For districts impacted by a natural disaster that has affected at least 100 people, including tornadoes, hurricanes, floods and tsunamis, Emergency Grants provide up to US$10,000. Lions district governors may apply for disaster relief funds to help meet immediate needs such as food, water, clothing and medical supplies. LCIF typically awards more than US$2 million in Emergency Grant funding each year.
In January 2017, LCIF awarded 7 emergency grants totaling US$65,000. These grants are addressing immediate needs in:
Turkey, District 118-U
US$10,000 for flood relief
Thailand, District 310-B
US$5,000 for flood relief
Argentina, District O-2
US$10,000 for flood relief
Argentina, District O-1
US$10,000 for mudslide relief
Mississippi, USA, District 30-S
US$10,000 for tornado relief
Chile, District T-3
US$10,000 for wildfire relief
Georgia, USA, District 18-O
US$10,000 for tornado relief
Please consider making a donation to LCIF’s disaster fund today.
China played an important role in the early days of the Lions Clubs International, as the organization was just starting to expand.
China was the third nation to host a Lions club, after the United States and Canada. In October 1926, a group of business and community leaders in the port city of Tianjin (formerly Tientsin) received their club charter. Reflecting the city’s cosmopolitan character and its importance as an international trading center, the membership was evenly divided between leading Chinese citizens and foreign nationals—Americans, British, French, Germans, Italians and Hungarians, among others.
A few months later, a second Lions club was founded less than 300 miles away in Qingdao (formerly Tsingtao). Lions clubs ceased operations in China in 1949, following a change in government.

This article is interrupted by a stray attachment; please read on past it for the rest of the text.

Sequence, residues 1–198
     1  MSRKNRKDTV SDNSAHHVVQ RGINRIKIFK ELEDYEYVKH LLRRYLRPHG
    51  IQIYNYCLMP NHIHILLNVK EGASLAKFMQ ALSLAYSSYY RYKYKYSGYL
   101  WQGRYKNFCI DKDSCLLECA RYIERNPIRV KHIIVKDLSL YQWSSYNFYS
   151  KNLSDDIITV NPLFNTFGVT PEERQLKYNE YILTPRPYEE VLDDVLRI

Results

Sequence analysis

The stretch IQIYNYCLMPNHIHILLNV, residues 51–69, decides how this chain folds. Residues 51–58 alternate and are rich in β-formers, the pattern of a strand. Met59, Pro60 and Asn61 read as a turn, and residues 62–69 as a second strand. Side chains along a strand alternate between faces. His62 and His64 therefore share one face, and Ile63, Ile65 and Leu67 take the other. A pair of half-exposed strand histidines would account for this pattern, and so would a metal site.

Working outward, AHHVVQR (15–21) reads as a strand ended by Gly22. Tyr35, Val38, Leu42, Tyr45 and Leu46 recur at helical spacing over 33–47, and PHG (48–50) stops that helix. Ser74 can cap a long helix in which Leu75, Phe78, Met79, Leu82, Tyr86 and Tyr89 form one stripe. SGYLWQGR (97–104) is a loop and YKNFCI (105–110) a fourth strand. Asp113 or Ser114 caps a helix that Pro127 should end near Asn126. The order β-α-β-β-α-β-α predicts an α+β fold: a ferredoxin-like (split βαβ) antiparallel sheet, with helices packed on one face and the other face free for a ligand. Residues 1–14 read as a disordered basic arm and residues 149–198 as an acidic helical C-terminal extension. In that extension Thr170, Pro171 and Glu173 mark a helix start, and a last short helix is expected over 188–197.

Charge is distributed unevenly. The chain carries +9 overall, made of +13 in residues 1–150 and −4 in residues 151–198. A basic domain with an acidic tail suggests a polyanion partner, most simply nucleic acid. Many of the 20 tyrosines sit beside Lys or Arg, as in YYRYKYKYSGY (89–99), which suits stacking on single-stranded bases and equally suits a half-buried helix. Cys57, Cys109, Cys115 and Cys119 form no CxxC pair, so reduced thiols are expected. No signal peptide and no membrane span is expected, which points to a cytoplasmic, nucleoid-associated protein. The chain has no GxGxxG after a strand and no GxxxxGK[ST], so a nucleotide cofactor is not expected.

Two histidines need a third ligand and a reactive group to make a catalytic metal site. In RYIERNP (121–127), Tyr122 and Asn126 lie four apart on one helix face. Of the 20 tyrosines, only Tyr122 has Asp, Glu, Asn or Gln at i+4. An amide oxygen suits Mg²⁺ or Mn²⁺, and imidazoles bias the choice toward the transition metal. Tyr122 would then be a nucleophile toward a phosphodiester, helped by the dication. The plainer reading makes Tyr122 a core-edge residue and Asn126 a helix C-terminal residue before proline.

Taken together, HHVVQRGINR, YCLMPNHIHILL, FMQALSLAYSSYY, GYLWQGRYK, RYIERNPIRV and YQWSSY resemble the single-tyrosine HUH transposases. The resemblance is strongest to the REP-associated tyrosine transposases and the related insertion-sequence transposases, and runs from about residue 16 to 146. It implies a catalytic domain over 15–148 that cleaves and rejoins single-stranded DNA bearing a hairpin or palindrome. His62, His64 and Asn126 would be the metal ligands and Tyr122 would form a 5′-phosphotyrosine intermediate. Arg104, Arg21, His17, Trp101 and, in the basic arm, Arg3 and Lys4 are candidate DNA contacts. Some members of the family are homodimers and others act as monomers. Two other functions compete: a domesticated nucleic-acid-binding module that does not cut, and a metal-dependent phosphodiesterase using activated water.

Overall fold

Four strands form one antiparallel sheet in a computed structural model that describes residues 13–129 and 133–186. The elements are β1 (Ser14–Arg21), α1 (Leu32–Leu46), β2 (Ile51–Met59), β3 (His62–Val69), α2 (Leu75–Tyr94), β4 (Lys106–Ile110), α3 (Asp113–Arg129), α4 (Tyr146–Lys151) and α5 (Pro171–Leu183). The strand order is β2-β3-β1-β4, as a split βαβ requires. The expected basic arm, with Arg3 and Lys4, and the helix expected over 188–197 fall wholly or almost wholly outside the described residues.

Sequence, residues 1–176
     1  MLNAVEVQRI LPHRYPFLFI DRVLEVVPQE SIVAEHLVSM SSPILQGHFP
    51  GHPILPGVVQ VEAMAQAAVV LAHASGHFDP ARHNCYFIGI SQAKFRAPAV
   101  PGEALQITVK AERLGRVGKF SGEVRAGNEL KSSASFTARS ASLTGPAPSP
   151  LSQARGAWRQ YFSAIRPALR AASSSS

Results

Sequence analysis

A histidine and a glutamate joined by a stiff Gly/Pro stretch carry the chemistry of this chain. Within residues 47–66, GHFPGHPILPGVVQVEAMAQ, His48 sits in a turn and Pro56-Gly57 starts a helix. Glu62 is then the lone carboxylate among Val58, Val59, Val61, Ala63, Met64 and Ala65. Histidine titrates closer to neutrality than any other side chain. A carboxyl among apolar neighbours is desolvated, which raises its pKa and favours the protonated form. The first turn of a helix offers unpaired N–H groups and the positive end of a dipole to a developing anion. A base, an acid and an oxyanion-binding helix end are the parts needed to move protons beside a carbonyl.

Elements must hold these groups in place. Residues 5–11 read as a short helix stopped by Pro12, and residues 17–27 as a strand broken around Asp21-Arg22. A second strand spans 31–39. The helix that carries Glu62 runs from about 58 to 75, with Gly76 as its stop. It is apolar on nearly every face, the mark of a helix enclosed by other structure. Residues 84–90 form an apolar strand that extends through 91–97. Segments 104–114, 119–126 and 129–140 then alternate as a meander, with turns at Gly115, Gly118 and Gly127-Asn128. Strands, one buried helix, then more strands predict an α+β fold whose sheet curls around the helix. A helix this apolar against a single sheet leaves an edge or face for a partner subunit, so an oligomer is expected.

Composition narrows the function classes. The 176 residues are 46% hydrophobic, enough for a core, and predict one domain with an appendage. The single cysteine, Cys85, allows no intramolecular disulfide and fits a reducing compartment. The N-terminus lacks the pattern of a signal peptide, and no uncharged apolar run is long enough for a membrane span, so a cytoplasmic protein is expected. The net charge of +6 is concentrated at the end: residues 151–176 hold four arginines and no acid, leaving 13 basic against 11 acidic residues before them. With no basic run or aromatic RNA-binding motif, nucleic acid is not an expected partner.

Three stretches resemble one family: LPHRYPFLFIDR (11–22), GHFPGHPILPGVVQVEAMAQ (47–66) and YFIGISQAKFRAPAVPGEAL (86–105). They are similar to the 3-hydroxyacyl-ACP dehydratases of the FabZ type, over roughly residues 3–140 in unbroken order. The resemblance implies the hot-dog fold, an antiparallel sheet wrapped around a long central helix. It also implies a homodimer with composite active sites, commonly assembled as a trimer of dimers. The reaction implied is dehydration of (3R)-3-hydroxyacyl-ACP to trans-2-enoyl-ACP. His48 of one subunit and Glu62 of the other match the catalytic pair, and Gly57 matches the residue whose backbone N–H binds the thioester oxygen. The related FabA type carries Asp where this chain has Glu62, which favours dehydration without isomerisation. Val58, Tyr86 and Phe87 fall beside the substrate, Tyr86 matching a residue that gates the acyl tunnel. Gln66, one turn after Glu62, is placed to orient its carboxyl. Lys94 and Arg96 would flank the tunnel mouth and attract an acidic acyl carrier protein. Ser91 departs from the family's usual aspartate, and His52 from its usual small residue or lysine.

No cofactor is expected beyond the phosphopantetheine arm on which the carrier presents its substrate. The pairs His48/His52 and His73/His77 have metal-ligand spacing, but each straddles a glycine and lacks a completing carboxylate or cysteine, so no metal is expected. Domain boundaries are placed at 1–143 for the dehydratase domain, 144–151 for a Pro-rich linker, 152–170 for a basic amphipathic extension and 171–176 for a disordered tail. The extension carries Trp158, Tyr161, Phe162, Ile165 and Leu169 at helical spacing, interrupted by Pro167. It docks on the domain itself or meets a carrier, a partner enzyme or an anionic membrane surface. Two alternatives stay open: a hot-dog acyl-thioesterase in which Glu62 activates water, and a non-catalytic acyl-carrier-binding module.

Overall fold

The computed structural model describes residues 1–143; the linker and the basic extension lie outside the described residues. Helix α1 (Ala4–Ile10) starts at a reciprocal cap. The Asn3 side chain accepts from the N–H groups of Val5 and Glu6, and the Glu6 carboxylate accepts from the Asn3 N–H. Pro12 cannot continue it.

Lions’ sight mission was the key that reopened doors in China. In the early 1990s, Lions leaders including Wing-Kun Tam, a Lion from Hong Kong who would serve as international president in 2011-2012, initiated talks with Chinese government officials about helping to restore sight to millions of Chinese through cataract surgeries. An estimated 20 percent of people in the world who are blind from cataracts live in China, and every year there are 400,000 new cases.
Lions soon found a loyal friend and champion in Deng Pufeng, chairman of the China Disabled Persons’ Federation and the son of China’s leader at the time , Deng Xiaoping. Deng Pufeng energetically took up the Lions’ proposal and helped guide it through numerous government ministries.
A few years later, in 1999, Lions launched SightFirst China Action in partnership with the China Disabled Person’s Federation and China’s Ministry of Health. With US$35.7 million in Lions Clubs International Foundation SightFirst Action grants, the effort has supported more than 5 million cataract surgeries, helped train more than 50,000 doctors, nurses and health care workers, and upgraded more than 300 eye hospitals and clinics.
SightFirst is working with its partners in China to increase low-vision services, including pilot centers in Liaoning and Guangdong provinces, to assess if blinding trachoma is a public health problem in China. SightFirst in China is also working to develop a regional training program model in Liaoning Province that better links eye care services in urban areas to those in rural areas.
With these spectacular results, the formation of new Lions clubs in China was not long in coming. In 2002, with the full support and endorsement of the Chinese government, Lions Clubs International issued charters to new clubs in Guangdong and Shenzhen with about 60 members each. Lions have grown rapidly in China. By 2015, there were 26,000 members in 758 clubs, ranking China among Lions’ fastest growing regions worldwide.
Perhaps you have heard that Lions Clubs International (LCI) approved a new service initiative in June. This is a very exciting time to be a Lion! Lions Clubs International Foundation (LCIF) is eager to support future Lions’ service initiatives just as it has for nearly 50 years.
Lions, Leos and LCIF will continue working to save sight, fight hunger and protect our environment, just as we always have. But emerging global needs also require our attention. We are developing new ways to expand our capacity to serve in unique areas, including childhood cancer and diabetes, to ensure that we meet the needs of our changing world.
We have accomplished so much together, saving lives and offering hope to those who need us most. But our work is not done. I know that we will continue to have a positive impact all over the world and I am delighted to stand beside you as we head into a new and exciting era of service. Remember, LCIF stands with Lions and is here to help you make a difference.
Dr. Jitsuhiro Yamada
Chairperson, Lions Clubs International Foundation
Read the rest of the January newsletter here.